EASTON — A bill that proposes a 5-cent per chicken tax is back in this year’s General Assembly, and it aims to make big chicken companies pay for a share of Chesapeake Bay cleanup.
The bill is sponsored by Sen. Richard Madaleno, a Democrat from Montgomery County, who said the bill directs the 5-cent per bird tax to the state’s cover crop program.
The bill’s name is the Bay Tax Equity Act, but opponents call it the “chicken tax.”
“Every year on the Eastern Shore more than 300 million birds are raised. They produce 1.5 billion pounds of waste on the Shore,” Madaleno said. “That is more waste than the human beings who reside in Maryland produce, and of course the waste we produce primarily goes through a treatment system.”
The cover crop program is often regarded as one of the best nutrient management practices available. Farmers plant crops that are known to take up more nitrogen and phosphorus before it reaches ground water, and which help prevent soil erosion. The Maryland Department of Agriculture then subsidizes the crops as a reward for farmer participation in pollution reduction.
Farmers planted a record 478,000 acres of cover crops in the 2014-15 season, according to MDA, exceeding the last record in 2012 by about 48,000 acres.
Madaleno’s bill, which is cross-filed in the House, was heard in the Senate Education, Health and Environmental Affairs Committee on Tuesday, March 3.
Madaleno argued that Maryland’s human population pays for the waste they produce with the Bay Restoration Fee — $60 each year per user served by a wastewater or onsite disposal system — and so should those who own the chickens, or large chicken companies who contract out to Maryland growers.
“As the chicken industry becomes, if not already having become, the mono-crop on the Eastern Shore, they are producing so much waste that has such an impact on the ecology of the Shore and of the Bay and of our state that I think it’s time to think about a different way to try to address the issue,” he said.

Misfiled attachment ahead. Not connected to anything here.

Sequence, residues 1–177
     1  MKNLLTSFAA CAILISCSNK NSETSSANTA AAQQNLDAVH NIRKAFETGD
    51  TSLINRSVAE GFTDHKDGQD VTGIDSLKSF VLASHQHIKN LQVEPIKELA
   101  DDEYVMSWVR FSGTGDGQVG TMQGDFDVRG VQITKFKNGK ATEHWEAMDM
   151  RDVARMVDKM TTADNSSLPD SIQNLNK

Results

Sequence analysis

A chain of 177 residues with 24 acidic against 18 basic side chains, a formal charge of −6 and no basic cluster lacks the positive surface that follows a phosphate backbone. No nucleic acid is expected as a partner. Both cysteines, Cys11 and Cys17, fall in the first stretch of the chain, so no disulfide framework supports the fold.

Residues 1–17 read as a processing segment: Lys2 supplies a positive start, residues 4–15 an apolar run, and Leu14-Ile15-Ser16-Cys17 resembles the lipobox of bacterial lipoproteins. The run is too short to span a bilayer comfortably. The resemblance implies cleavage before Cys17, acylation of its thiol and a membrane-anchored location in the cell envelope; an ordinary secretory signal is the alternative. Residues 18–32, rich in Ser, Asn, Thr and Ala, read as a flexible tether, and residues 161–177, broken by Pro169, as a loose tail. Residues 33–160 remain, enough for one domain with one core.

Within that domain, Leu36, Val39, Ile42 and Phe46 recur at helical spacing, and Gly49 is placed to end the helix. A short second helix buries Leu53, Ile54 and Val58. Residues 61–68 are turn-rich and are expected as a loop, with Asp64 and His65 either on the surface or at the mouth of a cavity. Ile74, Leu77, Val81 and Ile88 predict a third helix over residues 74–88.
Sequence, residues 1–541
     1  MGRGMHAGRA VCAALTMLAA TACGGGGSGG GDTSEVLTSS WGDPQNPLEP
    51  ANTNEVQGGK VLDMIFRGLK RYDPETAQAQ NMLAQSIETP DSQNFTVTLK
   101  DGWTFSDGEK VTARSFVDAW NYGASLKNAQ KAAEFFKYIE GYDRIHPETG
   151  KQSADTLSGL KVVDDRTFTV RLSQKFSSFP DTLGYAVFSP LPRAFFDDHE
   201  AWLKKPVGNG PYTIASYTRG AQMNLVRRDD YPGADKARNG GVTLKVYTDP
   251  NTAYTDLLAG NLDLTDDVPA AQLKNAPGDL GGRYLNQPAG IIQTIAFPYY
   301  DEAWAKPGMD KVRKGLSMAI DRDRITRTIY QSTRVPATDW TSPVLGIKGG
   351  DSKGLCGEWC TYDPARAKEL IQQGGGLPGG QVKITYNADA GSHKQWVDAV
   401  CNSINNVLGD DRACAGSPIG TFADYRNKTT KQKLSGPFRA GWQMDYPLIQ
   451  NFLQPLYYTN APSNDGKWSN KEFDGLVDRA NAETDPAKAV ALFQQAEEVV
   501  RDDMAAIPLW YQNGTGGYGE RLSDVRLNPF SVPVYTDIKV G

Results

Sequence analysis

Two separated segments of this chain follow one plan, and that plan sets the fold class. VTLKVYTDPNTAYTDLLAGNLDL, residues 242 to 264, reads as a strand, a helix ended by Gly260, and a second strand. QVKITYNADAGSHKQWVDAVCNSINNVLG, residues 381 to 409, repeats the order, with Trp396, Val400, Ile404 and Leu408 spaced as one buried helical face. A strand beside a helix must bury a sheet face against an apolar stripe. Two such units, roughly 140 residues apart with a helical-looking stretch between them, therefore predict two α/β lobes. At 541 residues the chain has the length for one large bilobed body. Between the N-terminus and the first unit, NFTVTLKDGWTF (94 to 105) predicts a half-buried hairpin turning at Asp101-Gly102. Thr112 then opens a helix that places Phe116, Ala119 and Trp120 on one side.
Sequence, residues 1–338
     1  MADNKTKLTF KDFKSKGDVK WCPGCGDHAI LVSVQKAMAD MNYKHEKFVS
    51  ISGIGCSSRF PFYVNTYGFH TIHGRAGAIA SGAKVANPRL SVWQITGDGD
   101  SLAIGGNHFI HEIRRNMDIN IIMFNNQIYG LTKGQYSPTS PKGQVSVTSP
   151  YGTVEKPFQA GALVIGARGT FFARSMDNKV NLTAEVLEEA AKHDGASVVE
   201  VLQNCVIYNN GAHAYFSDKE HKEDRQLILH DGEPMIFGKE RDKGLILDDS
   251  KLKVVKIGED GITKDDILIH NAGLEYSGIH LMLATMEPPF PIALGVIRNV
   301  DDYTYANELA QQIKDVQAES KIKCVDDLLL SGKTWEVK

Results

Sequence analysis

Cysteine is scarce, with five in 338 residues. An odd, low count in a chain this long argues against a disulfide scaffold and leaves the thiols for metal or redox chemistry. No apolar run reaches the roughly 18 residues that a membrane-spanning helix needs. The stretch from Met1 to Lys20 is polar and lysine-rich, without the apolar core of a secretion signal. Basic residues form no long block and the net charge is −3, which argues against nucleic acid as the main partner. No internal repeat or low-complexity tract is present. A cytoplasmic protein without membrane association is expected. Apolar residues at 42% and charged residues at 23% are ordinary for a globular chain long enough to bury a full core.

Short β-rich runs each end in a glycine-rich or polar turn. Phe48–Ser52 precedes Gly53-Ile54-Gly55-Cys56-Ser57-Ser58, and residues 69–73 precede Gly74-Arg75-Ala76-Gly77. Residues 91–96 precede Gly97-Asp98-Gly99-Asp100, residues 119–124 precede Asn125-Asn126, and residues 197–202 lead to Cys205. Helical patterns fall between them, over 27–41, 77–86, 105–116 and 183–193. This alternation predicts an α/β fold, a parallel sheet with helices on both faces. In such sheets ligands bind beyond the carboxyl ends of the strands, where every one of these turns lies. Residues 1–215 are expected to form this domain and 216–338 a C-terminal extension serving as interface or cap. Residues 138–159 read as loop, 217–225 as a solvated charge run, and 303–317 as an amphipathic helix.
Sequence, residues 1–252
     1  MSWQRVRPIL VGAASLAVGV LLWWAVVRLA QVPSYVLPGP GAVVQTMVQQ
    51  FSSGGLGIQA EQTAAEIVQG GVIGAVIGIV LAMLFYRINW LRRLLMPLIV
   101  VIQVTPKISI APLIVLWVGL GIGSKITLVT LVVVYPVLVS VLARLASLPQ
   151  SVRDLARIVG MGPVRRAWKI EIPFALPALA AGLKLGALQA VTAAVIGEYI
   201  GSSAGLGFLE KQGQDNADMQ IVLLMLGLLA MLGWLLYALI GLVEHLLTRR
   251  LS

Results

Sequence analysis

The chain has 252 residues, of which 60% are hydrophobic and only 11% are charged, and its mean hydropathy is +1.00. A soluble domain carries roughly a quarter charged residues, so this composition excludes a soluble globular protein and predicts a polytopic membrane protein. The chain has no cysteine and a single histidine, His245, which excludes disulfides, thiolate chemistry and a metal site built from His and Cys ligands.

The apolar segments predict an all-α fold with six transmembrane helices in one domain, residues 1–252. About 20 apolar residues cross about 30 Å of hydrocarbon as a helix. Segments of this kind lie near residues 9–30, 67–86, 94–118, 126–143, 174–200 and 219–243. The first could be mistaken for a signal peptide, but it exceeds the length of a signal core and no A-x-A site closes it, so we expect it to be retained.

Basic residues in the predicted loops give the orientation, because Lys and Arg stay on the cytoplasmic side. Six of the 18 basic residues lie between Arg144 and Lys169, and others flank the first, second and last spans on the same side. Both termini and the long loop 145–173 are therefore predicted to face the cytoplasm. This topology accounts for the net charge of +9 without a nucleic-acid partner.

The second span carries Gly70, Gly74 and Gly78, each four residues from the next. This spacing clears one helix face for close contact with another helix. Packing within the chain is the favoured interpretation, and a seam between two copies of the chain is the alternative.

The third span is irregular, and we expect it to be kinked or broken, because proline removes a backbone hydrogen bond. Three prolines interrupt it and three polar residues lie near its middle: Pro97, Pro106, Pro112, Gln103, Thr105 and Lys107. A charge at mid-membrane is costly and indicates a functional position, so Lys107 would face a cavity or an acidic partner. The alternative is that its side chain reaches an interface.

Kurt Fuchs, a government affairs officer with the Mid-Atlantic Farm Credit, said chickens are not a mono-crop on the Eastern Shore. The Eastern Shore has a variety of farm operations, from fruit and vegetable farms to wineries.
But, the grain and poultry industries are the Shore’s No. 1 economic drivers, he said.
MDA is distributing 40 percent of Bay Restoration Fees to fund the cover crop program. Under Madaleno’s bill, that 40 percent funding flow to cover crops would be terminated and the tax would pick up the slack.
Joanna Kille, director of government relations for MDA, said at the hearing that the change in cover crop funding would cause a delay in funding to the program, because it would take almost a year to get the bill’s program up and running.
The bill’s 5-cent tax is estimated to raise about $15 million in fiscal year 2016.
That’s a $15 million tax on five companies, said Delmarva Poultry Industry Executive Director Bill Satterfield.
“For a lot of growers, there is a risk that they’ll be out of business, because it’s not that tough to grow the chickens across the state line in Delaware or Virginia,” Satterfield said.
Matt Teffeau, the assistant government relations director with the Maryland Farm Bureau, said the $15 million the tax would raise would put Maryland poultry farmers at an economic disadvantage, “because no other surrounding state places a 5-cent tax per bird that is placed in their state.”
“That didn’t mean moving a processing plant out of Maryland or moving a hatchery out of Maryland. It means simply not placing the birds in Maryland, and if it costs more per bird to raise the birds in Maryland, a company might just say, ‘That’s not a cost we can afford. We’re going to do it in Virginia. We’re going to do it in Delaware,’” Satterfield said.
Delmarva’s poultry industry is in a national market, and the prices can’t necessarily be passed on to consumers, Satterfield said.
The market stretches north to Philadelphia, New York and Boston, whose residents might not like paying higher chicken prices because they have to fund Bay improvements projects in Maryland, he said.
Michele Merkel, who testified at the committee hearing in support of the bill on behalf of Food and Water Watch, said Maryland shouldn’t make decision based on a company threatening to leave the state.
“I think every time somebody proposes reasonable reform that requires equity or fairness or some kind of accountability for the industry, they threaten to leave the state and this threat has been really effective,” Merkel said.
“I’m not sure that we would allow any other industry to hold us hostage by effectively arguing that they’re going to leave the state if they’re allowed to externalize all their costs on the backs of taxpayers, on the back of the Bay and workers,” she said.
Supporters of Madaleno’s bill argued Tuesday that the chicken companies own the chickens, so they should help pay for pollution reduction efforts as a result of manure produced by the chickens. Chicken growers, by contract through the chicken companies, own the manure, making them responsible for where it goes.
Satterfield said this has been standard practice for decades, so it’s not like the rules have suddenly changed.
“A number of chicken growers got into the business because they wanted the manure for fertilization,” he said.
Satterfield also said the bill overlooks the environmentally friendly work voluntarily being done by big chicken companies to help farmers transport and manage the manure.